The problem is that making enough time for self-care can feel impossible with work, school, and family responsibilities.
It’s easy to trick ourselves into thinking that we can get by with far less self-care than we actually need.
Without investing in ourselves, we are harming ourselves.
This is why it’s essential to make nurturing ourselves a top priority in our daily lives.
Develop & choose positive beliefs
Beliefs are thoughts we have over and over until we become convinced they are true.
Some are empowering. Some are limiting. All are changeable. Just deciding to change a negative belief probably won’t work at first because it won’t feel true.
For example, going from “I hate my body” to “I love my body” doesn’t happen just because we decide we want a new belief about our body.
Instead of trying to make a big leap that doesn’t feel true, you can use a strategy to change a negative belief in smaller steps, gradually, over time.
Protect your feelings
Have you ever felt miserable because of something cruel that someone said or did to you? Has this experience made you miserable over and over again every time you remember it?
You have the power to protect your feelings so that you can stay safe emotionally.
Set & respect boundaries
Do you ever feel misunderstood, taken for granted, or disrespected?
By speaking up clearly, respectfully, and powerfully, for what you DO and DO NOT want, you can reduce stress, improve communication, and prevent and solve problems.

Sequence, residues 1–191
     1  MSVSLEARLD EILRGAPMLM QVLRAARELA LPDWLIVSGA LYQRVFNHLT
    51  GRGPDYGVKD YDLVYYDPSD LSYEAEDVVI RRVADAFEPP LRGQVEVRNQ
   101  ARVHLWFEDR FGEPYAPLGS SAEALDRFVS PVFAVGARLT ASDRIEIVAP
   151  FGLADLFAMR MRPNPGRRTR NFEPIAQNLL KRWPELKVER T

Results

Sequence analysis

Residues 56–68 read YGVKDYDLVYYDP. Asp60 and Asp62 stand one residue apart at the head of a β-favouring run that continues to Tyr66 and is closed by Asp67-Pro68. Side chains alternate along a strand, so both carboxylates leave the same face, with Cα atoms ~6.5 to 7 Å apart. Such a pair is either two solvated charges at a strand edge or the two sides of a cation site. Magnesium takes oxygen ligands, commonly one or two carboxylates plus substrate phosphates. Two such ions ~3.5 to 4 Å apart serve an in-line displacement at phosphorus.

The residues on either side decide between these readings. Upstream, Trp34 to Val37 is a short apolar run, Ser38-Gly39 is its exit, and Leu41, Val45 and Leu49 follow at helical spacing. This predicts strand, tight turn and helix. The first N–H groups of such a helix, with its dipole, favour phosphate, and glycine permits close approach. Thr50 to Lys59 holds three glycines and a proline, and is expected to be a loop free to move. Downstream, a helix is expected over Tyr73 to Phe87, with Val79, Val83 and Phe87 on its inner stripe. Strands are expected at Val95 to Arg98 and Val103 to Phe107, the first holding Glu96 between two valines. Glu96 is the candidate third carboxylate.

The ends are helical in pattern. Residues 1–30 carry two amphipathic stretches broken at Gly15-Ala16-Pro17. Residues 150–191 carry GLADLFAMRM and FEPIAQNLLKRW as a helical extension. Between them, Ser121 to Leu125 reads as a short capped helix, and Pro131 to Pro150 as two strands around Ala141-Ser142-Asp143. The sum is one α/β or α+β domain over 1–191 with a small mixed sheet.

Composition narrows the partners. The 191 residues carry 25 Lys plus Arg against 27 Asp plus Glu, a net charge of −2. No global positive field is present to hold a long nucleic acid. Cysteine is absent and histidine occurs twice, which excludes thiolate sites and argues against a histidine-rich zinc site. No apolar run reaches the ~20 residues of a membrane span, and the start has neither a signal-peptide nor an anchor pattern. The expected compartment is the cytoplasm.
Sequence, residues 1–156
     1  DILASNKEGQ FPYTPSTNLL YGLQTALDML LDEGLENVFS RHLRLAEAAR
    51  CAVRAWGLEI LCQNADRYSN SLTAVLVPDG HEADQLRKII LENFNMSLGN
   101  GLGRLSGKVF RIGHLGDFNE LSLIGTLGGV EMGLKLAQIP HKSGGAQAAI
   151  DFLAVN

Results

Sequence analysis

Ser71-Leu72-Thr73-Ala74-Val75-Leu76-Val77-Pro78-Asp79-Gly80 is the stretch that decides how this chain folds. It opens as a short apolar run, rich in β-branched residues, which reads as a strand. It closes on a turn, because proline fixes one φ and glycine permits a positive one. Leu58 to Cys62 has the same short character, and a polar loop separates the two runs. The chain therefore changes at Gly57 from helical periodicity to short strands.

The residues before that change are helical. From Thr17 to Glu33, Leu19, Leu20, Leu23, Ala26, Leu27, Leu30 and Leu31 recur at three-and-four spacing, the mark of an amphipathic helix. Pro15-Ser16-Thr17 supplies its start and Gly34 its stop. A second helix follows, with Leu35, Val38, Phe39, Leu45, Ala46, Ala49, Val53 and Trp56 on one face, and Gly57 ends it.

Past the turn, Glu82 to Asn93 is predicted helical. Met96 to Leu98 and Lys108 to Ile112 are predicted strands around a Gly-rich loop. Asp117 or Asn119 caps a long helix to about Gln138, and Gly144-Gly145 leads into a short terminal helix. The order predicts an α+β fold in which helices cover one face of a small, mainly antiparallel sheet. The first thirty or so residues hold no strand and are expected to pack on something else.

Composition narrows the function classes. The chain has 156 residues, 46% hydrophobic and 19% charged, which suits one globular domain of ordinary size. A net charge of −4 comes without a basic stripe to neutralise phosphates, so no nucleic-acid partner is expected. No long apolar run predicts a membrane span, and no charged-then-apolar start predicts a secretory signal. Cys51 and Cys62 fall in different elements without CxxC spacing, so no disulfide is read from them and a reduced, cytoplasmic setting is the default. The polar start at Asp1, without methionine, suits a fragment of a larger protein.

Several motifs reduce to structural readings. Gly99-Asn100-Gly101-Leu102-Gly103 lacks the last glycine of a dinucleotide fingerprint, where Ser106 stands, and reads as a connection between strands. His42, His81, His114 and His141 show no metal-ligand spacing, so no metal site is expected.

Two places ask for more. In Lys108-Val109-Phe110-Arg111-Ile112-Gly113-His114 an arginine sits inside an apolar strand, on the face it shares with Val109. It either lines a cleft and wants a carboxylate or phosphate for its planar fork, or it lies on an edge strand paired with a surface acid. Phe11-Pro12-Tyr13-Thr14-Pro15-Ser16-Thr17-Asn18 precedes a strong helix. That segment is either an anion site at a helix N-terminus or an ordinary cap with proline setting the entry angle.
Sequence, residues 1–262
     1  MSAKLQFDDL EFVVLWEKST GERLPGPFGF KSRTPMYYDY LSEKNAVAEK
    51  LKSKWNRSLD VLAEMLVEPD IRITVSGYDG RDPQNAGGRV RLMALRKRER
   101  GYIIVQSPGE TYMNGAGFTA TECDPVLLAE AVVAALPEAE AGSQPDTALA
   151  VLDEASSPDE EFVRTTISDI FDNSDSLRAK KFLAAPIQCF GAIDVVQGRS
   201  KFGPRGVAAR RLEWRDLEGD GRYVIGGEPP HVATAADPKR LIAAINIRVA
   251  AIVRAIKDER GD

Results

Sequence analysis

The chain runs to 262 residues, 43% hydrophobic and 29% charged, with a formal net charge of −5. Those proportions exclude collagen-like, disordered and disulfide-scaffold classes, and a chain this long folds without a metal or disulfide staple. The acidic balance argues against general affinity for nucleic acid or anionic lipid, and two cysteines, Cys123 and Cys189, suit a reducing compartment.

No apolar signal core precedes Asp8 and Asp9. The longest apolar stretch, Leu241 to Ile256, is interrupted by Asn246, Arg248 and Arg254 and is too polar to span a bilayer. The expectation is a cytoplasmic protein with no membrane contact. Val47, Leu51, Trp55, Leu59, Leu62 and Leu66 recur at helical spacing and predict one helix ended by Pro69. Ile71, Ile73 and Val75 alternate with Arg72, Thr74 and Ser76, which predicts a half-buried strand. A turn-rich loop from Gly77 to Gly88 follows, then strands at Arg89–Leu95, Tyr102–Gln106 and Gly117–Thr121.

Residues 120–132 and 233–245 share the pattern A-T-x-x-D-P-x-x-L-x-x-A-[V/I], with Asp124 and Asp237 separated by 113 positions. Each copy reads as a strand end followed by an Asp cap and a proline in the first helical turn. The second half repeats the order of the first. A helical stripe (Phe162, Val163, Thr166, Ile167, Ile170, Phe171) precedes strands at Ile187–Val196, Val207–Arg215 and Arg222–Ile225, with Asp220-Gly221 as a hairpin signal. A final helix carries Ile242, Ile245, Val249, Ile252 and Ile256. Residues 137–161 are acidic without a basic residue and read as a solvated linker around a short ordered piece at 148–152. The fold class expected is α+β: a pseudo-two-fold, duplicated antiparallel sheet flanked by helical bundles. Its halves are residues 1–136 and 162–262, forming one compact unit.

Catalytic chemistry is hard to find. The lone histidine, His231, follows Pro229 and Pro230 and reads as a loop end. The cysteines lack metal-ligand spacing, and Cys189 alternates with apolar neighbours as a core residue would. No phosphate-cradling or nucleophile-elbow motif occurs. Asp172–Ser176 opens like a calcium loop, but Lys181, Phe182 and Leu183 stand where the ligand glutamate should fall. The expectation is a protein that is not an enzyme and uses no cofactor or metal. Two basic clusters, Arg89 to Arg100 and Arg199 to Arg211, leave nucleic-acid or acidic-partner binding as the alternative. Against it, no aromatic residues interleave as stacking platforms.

Setting boundaries can help you to protect your time, your feelings, your body, your safety, and your mental and physical wellbeing.
Have you ever seen a friend or family member struggling emotionally? Maybe they were depressed or anxious or very sad because of a loss?
Many of us really want to help, and we aren’t always sure how. We might feel that whatever we do just isn’t enough, or we’re worried about doing the wrong thing and making someone feel worse.
The simple things can make a big difference.
Helping someone in need can improve your mood, your sense of wellbeing, and your sense of connection.
Here are some ideas of how to help others while still taking care of yourself.
Recognize and ask for what you want
One of the most important keys to good mental health is being able to do things that give you joy, satisfaction, and success in your life.
In order to do this, you first have to determine your own values, goals, and priorities.
Next, you have to look at what your options are and figure out some specific next steps for taking action.
And then, you need to be prepared to advocate for yourself persistently, respectfully and powerfully.
Here are some ways to recognize and ask for what you want.
Do you hate asking for help? Do you want to solve problems yourself instead of leaning on other people? Have you had bad experiences where the help you got made things worse?
Unfortunately, many cultures view asking for help as a weakness or as being selfish.
Some families see getting professional help such as counseling or therapy as being a personal failure, and associate mental healthcare with being ‘crazy.’
Getting help when you need it takes courage and strength.
Here are some ideas for how to overcome obstacles to getting the right kind of help for YOU.
Protect your personal safety
Too much misery, suffering, and trauma are caused by abuse, bullying, and assault.
The good news is that you have the power to protect yourself most of the time.
Here are some ways that you can develop the confidence and skill to take charge of your personal safety at home, at work, online, and in public.